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Hurricane Lillies?

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Hello, I’m Amanda McNulty with Clemson Extension and Making It Grow. I don’t think the person who gave the common name Hurricane Lily to what I’ve always called spider lilies, Lycoris radiata meant to cast aspersions on them -- These spidery looking blossoms often do pop up overnight a big rain – thus the Hurricane Lily moniker. Extremely persistent, the foliage emerges after the flowers. comes after the Unlike most bulbs, which you plant two or three in a hole two to three times time the height of the bulb, Lycoris should be buried with the top of the bulb slightly above the soil, just like you plant amaryllis in your garden; both are in the family Amarylidaceae. Many people report their spider lilies don’t always bloom each year. Too much water, too much fertilizer, planted too late? It may be like number twelve of a dozen reasons babies cry, “Lord, only knows.”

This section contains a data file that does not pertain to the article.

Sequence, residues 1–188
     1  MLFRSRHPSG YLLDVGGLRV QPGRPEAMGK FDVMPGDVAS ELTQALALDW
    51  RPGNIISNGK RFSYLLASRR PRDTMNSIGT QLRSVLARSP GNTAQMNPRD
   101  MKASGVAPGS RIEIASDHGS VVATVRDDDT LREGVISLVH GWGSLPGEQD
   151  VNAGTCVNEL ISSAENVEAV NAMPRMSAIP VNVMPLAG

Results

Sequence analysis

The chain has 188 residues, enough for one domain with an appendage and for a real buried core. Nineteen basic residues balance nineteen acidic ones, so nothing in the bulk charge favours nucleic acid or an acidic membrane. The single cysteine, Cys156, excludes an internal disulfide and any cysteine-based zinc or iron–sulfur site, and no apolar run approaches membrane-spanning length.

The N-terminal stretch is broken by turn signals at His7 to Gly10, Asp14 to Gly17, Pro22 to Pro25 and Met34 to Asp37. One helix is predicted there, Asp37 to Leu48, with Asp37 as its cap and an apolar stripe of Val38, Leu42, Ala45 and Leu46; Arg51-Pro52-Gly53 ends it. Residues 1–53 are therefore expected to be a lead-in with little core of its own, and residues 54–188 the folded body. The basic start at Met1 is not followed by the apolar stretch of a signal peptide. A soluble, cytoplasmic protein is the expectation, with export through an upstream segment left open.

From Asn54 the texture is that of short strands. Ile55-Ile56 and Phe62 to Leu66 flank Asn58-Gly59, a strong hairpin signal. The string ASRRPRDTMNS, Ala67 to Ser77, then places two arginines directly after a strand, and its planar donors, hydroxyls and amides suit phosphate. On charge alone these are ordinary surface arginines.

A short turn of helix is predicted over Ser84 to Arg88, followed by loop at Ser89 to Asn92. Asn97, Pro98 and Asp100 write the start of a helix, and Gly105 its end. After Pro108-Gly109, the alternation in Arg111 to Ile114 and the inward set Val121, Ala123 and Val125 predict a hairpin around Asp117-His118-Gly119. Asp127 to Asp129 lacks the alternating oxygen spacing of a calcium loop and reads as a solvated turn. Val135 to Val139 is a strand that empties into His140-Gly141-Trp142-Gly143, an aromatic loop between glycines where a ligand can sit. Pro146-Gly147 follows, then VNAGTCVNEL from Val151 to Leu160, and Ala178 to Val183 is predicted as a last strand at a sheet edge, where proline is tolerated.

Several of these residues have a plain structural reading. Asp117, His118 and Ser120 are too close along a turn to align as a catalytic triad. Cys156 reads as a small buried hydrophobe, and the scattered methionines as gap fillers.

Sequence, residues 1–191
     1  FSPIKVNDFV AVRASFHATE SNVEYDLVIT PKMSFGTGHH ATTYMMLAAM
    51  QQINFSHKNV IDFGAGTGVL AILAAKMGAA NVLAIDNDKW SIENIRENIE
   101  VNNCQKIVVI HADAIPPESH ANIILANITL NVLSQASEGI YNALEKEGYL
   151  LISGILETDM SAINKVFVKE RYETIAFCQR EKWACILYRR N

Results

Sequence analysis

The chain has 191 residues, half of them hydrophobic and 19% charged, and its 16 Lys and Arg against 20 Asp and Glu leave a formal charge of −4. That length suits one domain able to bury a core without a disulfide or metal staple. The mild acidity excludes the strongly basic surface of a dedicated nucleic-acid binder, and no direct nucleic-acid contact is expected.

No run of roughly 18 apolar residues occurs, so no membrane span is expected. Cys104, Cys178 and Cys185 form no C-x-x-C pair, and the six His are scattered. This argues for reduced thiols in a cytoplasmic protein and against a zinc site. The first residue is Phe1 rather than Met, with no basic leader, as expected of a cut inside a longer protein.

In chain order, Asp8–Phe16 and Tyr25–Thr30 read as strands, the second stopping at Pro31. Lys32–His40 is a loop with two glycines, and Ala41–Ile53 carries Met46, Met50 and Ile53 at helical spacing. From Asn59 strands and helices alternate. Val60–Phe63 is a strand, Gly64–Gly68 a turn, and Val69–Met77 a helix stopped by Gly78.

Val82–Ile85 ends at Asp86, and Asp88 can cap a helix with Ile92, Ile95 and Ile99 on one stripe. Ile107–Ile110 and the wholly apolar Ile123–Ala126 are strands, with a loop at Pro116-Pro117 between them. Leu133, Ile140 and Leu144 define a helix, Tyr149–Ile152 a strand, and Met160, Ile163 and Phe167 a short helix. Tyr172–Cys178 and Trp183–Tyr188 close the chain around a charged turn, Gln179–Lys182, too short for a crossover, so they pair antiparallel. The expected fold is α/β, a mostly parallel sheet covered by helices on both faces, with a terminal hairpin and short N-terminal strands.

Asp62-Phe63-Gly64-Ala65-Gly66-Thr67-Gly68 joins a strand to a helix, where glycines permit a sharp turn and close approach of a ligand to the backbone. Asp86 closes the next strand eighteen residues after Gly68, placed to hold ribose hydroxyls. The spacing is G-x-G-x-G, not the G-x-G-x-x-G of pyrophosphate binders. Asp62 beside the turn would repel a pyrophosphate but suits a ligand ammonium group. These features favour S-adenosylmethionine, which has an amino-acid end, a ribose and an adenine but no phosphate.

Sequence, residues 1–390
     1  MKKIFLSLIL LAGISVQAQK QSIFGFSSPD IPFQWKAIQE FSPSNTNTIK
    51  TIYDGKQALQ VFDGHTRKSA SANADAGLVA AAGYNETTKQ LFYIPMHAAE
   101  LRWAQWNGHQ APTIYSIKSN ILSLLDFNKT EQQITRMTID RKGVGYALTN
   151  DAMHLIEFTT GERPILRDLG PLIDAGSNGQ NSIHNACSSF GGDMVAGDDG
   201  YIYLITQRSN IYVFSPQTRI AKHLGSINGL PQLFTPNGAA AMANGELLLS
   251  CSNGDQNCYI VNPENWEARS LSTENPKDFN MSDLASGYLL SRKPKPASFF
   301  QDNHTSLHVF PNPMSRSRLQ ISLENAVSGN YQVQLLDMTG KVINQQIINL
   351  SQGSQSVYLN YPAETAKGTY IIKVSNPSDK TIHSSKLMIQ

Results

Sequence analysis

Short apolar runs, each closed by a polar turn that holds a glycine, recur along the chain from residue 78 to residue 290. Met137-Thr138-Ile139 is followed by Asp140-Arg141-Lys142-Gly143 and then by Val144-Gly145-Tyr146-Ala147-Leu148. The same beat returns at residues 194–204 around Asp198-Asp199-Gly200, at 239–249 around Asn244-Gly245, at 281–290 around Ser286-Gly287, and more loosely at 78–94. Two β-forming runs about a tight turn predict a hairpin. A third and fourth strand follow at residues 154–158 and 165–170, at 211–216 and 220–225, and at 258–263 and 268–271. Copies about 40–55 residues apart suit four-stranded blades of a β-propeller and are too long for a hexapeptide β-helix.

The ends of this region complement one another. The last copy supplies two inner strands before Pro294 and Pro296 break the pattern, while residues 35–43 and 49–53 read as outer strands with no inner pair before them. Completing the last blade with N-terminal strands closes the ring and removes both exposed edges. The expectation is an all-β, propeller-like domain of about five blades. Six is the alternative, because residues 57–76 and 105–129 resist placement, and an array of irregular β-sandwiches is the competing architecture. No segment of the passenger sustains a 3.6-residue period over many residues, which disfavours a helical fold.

Amanda McNulty is a Clemson University Extension Horticulture agent and the host of South Carolina ETV’s Making It Grow! gardening program. She studied horticulture at Clemson University as a non-traditional student. “I’m so fortunate that my early attempts at getting a degree got side tracked as I’m a lot better at getting dirty in the garden than practicing diplomacy!” McNulty also studied at South Carolina State University and earned a graduate degree in teaching there.